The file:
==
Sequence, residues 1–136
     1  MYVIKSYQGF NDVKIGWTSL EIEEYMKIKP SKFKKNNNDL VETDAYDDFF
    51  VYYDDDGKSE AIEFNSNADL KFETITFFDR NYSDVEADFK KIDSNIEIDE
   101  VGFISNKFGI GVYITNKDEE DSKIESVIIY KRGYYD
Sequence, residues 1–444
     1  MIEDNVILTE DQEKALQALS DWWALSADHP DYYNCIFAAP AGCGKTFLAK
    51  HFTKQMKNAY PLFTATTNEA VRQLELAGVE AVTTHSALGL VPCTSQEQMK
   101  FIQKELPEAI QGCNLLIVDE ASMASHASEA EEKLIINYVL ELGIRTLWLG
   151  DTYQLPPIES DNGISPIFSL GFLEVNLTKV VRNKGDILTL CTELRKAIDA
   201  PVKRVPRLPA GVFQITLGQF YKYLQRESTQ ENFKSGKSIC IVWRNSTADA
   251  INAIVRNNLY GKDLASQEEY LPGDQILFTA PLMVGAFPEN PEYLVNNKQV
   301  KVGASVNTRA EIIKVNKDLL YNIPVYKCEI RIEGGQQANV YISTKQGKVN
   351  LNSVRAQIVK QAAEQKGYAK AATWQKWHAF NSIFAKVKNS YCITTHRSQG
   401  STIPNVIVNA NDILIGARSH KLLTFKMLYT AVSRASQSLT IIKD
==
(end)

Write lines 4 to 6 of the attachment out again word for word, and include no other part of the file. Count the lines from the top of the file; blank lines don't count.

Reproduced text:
   101  VGFISNKFGI GVYITNKDEE DSKIESVIIY KRGYYD
Sequence, residues 1–444
     1  MIEDNVILTE DQEKALQALS DWWALSADHP DYYNCIFAAP AGCGKTFLAK